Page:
Originally written on isportsweb.com  |  Last updated 11/19/14

Happy offseason.  Every now and then, I find something written about the Pirates by one of my friends that’s so good that a shout-out here is in order.  I have a buddy from California named Brett who, despite having the former World Champion San Francisco Giants in his backyard, is loyal to the black-and-gold to the point that he once made a cross-country pilgrimage to PNC Park just to catch a game.

Below is an interesting comparison he wrote in early September, comparing current OF Alex Presley’s success in 2011 to 3 former semi-prospects that dazzled early on, only to attain flash-in-the-pan status in the seasons that followed.  Will Presley follow this unfortunate course, or can he chart a promising path in PNC’s expansive left field?  Enjoy.

“I haven’t been right in just about all of my player evaluations over the years, nor am I able to evaluate a catcher’s footwork while watching a game from the stands.  As a result, I honestly don’t know what to think of Alex Presley.  To further muddy the situation, I’m completely jaded by our previous experience of having marginal minor league outfielders come up and produce for a short period of time, only to eventually crash and burn.  Of course I’m talking about Adrian Brown, Tike Redman and Chris Duffy.  I thought we could look at each player and compare.

- In 2000, Adrian Brown had posted a minor league OPS of .718.  Hardly impressive. He then would post a OPS of .805 in 308 at bats for the Pirates in 2000, giving some- myself included- hope that the Pirates had their CF and leadoff hitter for years to come.  He would only get 266 plate appearances over the next two years for the Pirates while posting an OPS+ of 51.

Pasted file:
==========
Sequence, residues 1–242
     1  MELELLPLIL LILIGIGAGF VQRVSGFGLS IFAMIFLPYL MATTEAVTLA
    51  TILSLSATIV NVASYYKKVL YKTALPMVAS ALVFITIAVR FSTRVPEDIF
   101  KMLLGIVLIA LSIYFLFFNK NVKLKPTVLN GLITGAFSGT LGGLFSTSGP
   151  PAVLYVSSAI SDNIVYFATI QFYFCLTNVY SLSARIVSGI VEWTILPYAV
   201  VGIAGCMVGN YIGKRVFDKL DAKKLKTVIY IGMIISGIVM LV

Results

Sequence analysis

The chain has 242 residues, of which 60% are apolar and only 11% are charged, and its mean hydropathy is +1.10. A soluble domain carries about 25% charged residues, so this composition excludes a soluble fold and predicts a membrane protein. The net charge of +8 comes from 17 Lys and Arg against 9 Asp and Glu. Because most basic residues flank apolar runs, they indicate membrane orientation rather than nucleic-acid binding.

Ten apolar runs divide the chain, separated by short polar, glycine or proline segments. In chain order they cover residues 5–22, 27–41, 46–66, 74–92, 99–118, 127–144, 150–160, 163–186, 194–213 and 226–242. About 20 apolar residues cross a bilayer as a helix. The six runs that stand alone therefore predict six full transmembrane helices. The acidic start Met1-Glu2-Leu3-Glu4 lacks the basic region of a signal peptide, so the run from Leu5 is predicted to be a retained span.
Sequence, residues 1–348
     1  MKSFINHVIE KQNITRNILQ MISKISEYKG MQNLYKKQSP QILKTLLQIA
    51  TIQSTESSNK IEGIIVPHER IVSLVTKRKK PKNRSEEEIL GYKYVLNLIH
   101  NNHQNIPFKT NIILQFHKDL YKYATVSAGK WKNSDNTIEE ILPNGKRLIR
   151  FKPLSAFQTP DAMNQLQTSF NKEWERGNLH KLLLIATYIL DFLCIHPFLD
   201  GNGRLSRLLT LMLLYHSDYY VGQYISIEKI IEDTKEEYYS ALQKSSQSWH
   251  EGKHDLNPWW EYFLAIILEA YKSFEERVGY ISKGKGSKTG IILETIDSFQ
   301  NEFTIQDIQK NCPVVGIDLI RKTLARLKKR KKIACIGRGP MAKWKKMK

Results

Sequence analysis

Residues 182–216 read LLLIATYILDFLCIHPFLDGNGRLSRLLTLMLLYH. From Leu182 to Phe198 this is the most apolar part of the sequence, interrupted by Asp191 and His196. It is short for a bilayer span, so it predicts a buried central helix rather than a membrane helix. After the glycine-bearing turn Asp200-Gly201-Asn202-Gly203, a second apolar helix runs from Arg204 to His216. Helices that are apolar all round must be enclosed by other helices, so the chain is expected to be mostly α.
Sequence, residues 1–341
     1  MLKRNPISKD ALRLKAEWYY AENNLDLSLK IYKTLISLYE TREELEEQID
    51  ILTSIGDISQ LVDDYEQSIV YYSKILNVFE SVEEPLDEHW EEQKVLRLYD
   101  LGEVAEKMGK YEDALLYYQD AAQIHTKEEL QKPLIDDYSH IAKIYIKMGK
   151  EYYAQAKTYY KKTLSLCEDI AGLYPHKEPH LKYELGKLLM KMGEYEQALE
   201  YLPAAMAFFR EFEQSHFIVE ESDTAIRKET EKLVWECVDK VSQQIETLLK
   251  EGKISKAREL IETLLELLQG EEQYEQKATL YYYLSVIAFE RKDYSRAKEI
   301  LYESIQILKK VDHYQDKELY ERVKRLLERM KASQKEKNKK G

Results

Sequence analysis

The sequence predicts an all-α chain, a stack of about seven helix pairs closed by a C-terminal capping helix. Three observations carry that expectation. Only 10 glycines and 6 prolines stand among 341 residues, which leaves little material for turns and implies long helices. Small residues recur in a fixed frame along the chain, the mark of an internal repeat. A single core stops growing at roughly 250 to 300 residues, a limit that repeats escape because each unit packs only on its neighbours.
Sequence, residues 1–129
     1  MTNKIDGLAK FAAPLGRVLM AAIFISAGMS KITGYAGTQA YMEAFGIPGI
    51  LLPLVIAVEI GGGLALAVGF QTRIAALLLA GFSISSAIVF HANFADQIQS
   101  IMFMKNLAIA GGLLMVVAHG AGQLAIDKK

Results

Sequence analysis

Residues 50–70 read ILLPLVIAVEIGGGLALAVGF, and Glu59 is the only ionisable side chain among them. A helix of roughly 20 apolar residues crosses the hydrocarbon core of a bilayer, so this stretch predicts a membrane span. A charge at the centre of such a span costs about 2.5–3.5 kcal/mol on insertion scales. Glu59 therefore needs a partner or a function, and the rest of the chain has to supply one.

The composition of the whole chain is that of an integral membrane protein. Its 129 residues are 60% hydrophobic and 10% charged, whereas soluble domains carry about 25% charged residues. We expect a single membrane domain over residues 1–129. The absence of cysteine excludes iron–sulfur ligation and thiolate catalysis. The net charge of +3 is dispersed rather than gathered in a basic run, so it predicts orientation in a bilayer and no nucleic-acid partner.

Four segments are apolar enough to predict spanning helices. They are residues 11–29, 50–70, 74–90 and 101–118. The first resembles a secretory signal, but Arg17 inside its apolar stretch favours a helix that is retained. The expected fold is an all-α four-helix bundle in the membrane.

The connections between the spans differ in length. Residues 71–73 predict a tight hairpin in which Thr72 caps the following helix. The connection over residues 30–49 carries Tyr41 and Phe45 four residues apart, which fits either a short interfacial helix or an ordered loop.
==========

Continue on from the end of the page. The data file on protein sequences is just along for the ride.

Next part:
- In 2003, Tike Redman had posted a minor league OPS of .705.  He then would post an OPS of .857 in 308 at bats for the

Image credit baseball-almanac

Pirates in 2003.  Much like with Brown, there was hope the Pirates once again found their future CF and leadoff hitter (or 3rd place hitter depending upon with data base was being used).  Redman would go on to post an OPS+ of 73 in over 900 plate appearances for the Pirates over the next two years.

- In 2005, Chris Duffy had posted a minor league OPS of .747.  He then came to Pittsburgh and posted an OPS of .814 in 126 at bats. Whether it wasn’t sustainable or Jim Tracy forced him to hit like Alex Cora and Cesar Izturis, he posted an OPS+ of 73 in 618 plate appearances over the next two years.

- Alex Presely has a minor league OPS of .781.  He currently has an OPS of .845 for the Pirates  (EDIT:  Presley finished September down to an .804 OPS). Clearly his minor league career has been better than the other three, but is it truly impressive enough to think he can maintain an OPS of .800 in the bigs?  I seriously doubt it, but I honestly don’t know.”

Thanks to Brett for a great comparison.  Personally, I believe Presley WILL have a more successful career than the 3 failed OF before him.  And to substantiate that, I turn to another of my colleagues, Ed from Pittsburgh.  (Ed is also the Pittsburgh Steelers’ writer here on isportsweb, so make sure you check him out.)  BAck in July, Ed pointed out that Presley just may be a rare “late bloomer” that actually gets better with age:

“Alex Presley started with the Pirates’ organization in 2006…his OPS figures his first four seasons in organized baseball:

2006 – Williamsport – .716
2007 – Hickory – .784
2008 – Lynchburg – .705
2009 – Lynchburg – .684

Thus, at the end of the 2009 season, Alex Presley was a 24-year-old OF who’d OPS’ed .684 in a repeat season in A-ball.  No human being could have predicted this guy would ever hit AAA, let alone be a productive major leaguer. Starting in 2010, the guy has been a completely changed:

2010 – Altoona – .932
2010 – Indy – .809
2011 – Indy – .889
2011 – Pittsburgh – 1.028 (as of 8:45 on July 15)”

Time will tell, but it would be nice for the Pirates to benefit from one of these out-of-nowhere stories for a change.  Thanks for reading, and props to Brett and Ed for some thought-provocing research.

Follow me on Twitter @jim_krug

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